Where the Science of Psychology Meets the Art of Being Human

This is Amazing for Brain Health – And It’s Probably In Your Pantry

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This is Amazing for Brain Health - And It's Probably In Your Pantry

Scientists have made a remarkable discovery about something that can heal the brain. It’s ancient and golden and probably in your pantry. 

 It’s turmeric, a spice commonly found in curry and according to new research it can boost the brain’s ability to repair itself by 80%.

In the everyday world, away from the brilliant glare of science, turmeric has been called the ‘spice for life’ and has had a place in healing for thousands of years.

A major bioactive compound in turmeric is curcumin, and research has shown that it is amazing for brain health, working in ways that are antioxidant, anti-inflammatory, antiviral, antibacterial, antifungal and anticancer. It has the potential to fight a number of malignant diseases, diabetes, allergies, arthritis, Alzheimer’s disease, and other chronic illnesses.

A remarkable study found that three patients with severe Alzheimer’s who consumed 764 milligrams of turmeric powder capsules over 12 weeks (100 mg/day of curcumin) ‘improved remarkably’. After three months of treatment, symptoms and the load on caregivers significantly decreased. All came to recognize their family within 1 year of treatment.

Recently, research conducted at the Institute of Neuroscience and Medicine in Germany found that a bioactive compound found in turmeric promotes stem cell proliferation and differentiation in the brain.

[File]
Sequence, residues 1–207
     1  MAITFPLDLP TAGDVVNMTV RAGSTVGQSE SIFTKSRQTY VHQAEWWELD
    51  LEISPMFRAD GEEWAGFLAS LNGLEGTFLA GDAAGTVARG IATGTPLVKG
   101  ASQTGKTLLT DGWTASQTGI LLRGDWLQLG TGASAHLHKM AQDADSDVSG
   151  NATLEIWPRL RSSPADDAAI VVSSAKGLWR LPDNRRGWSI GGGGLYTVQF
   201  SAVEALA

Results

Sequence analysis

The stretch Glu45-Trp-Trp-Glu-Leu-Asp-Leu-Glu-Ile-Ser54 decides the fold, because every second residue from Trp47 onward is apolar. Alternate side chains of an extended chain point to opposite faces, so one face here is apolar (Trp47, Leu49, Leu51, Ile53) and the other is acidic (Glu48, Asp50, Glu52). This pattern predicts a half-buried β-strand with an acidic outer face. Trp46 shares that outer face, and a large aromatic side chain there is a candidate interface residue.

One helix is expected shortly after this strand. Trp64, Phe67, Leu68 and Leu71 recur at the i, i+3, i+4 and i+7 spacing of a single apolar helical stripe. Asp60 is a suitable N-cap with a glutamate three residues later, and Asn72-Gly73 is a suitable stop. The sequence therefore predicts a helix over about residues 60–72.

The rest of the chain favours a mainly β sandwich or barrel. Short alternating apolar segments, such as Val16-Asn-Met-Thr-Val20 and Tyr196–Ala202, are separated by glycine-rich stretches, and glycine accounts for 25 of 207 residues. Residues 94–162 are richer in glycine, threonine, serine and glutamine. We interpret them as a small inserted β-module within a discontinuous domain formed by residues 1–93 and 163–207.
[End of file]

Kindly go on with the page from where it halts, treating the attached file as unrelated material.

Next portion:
Researchers injected aromatic-turmerone (from turmeric) directly in the neutral stem cells of a rat’s brain. Rats are used in initial scientific experiments such as these because they have similar  biological and genetic characteristics to humans.

When researchers later scanned the brain, they noticed that certain parts of the brain had increased in activity following the infusion. The infusions had increased the brain’s self-repair and recovery by 80%.

More trials are needed to establish whether or not the effects will translate to humans.

As explained by Adele Rueger, lead author of the study, “While several substances have been described to promote stem cell proliferation in the brain, fewer drugs additionally promote the differentiation of stem cells into neurons, which constitutes a major goal in regenerative medicine. Our findings on aromatic turmerone take us one step closer to achieving this goal.”

If further research demonstrates that turmeric has similar effects on the regenerative capabilities of the human brain, it could potentially advance treatments for neurodegenerative diseases such as Alzheimer’s, Parkinsons, multiple sclerosis, amyotrophic lateral sclerosis (ALS) and Huntington’s.

Any way you can incorporate turmeric into your diet will be good for you. It’s commonly used in curries and this has been used to explain why the rate of Alzheimer’s in India is significantly less than the rest of the world. Turmeric can also be added to soup, sauces, stews, stir-fries – anything.

So spice it up – whenever you can – your brain will love you for it.

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Hey Warrior - A book about anxiety in children.








Hey Sigmund on Instagram

If we knew everything - absolutely everything - ab If we knew everything - absolutely everything - about each other everything we do would make sense. It doesn’t mean it would be okay, but it would make sense. 
.
Too often though, when our kids do things that aren’t so ‘adorable’ we are quick to judge, either them, ourselves, or both. The truth of it all is that as much as our kids need boundaries, they (and we) need compassion and space to find clarity. If we can look at their behaviour, as wild as it might be, with curious eyes, we’re more likely to be able to give them what they need to move forward. For sure we might be furious or baffled by what they’re doing, but if we could understand everything going on for them it would make sense.